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THE BEGINNING OF A BEAUTIFUL RIVALRY
PHIL TAYLOR
May 30, 2011
Veteran Dallas and upstart Oklahoma City staged a good old-fashioned border war
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May 30, 2011

The Beginning Of A Beautiful Rivalry

Veteran Dallas and upstart Oklahoma City staged a good old-fashioned border war

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The silver lining of the Game 3 loss was that Westbrook didn't sulk, bouncing back nicely with 30 points, including 14 in the fourth quarter. But the issue has never been his ability to score, it's his tendency to dominate the ball at inopportune times. Is it a function of his youth and inexperience as a playmaker, or is there something darker at play—jealousy of Durant's position as Oklahoma City's alpha male?

Ominous comparisons have been made between the Westbrook-Durant dynamic and the Stephon Marbury--Kevin Garnett partnership with the Timberwolves in the 1990s, suggesting that this may be another situation in which a young star point guard tries to grab a bigger share of attention from a more celebrated teammate. Thunder teammates insist there is no such power struggle going on, and Durant and Westbrook seem as friendly as ever, playfully pushing and shoving each other during shootarounds and after practices.

"Russ has his head on straight," says Durant. "He probably gets more criticism than he should. When we win everybody gets credit, and when we lose people seem to focus in on him. It's not really fair, but he knows that comes from outside. He doesn't hold that against anybody on the team." Brooks downplayed the situation as well, saying that he didn't feel the need to check on Westbrook's state of mind after his extended bench time in Game 2. "I might have had to massage some ego if Russell weren't a team guy, but he is, so there was no need for that," Brooks said.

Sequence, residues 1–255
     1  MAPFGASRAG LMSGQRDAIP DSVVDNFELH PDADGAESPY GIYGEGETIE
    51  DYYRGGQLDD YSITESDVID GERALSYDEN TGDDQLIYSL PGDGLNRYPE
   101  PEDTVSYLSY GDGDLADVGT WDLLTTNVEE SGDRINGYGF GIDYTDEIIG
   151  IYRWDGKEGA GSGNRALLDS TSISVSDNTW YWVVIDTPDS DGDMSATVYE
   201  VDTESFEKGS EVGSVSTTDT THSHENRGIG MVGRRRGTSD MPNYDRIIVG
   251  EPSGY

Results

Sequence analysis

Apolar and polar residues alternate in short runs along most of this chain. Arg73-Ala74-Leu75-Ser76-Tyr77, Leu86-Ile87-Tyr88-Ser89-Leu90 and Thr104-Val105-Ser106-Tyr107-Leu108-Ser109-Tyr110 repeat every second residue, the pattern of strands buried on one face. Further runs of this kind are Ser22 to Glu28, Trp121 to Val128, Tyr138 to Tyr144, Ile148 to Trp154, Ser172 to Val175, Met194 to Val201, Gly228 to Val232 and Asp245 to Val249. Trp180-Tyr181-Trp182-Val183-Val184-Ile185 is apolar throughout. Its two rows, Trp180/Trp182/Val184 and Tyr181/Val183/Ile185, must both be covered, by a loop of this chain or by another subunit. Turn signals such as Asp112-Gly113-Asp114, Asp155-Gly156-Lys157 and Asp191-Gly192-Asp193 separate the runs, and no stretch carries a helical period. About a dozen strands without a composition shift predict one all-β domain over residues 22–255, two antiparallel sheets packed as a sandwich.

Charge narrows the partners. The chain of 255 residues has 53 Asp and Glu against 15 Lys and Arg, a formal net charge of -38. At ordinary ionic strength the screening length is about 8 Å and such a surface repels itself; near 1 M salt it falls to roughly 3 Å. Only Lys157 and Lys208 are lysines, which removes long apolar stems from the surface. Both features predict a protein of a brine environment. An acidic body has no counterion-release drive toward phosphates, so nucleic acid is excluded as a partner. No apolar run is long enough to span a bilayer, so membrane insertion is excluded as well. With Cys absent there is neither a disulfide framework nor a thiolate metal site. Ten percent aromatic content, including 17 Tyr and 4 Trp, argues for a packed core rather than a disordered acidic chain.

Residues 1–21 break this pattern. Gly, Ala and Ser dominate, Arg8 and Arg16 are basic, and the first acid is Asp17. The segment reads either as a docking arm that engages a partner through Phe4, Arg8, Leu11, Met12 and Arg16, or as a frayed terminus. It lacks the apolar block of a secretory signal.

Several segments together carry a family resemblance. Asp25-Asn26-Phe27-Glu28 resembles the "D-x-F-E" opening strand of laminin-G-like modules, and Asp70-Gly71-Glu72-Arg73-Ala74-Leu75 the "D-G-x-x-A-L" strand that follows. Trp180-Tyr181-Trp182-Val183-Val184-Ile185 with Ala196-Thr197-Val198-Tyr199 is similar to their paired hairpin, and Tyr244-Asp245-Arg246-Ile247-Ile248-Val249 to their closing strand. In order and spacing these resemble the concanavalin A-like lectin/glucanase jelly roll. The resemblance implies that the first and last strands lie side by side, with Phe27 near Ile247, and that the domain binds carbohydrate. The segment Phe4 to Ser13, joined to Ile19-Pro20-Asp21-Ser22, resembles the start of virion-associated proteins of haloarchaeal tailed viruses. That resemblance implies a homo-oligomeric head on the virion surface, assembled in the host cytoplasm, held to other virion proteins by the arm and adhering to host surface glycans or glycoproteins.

It also helps that Westbrook has a reputation for letting his occasional flashes of temper fade as quickly as they come. His inconsistency may be due not so much to ego but to learning his position on the fly after playing extensively at shooting guard in his two seasons at UCLA. Westbrook is a late bloomer whose basketball instincts aren't as refined as some of his more experienced peers. He didn't crack the varsity starting lineup at Leuzinger High in Lawndale, Calif., until he was a junior. His scholarship offers were limited to such mid-major schools as Creighton, Kent State and San Diego until the Bruins became interested late in his recruitment. "I feel like I've accomplished a lot but I still have a lot to learn," he says. "All I can do is put aside what people say and try to play to the best of my ability and try to help us get where we're trying to go."

On Monday, Westbrook again struggled, turning the ball over six times and missing 15 of 22 shots. That Dallas railled behind Nowitzki (40 points) came as no surprise to the Thunder. "They're a veteran team and their window is short on chances of winning a title," Perkins said of the Mavericks. The Thunder, conversely, is a young squad that figures to have more chances, probably better chances, as its players mature. But they should expect to see plenty more of the Mavericks in their path, aging or not, for years to come. Rivals always have a way of finding each other.

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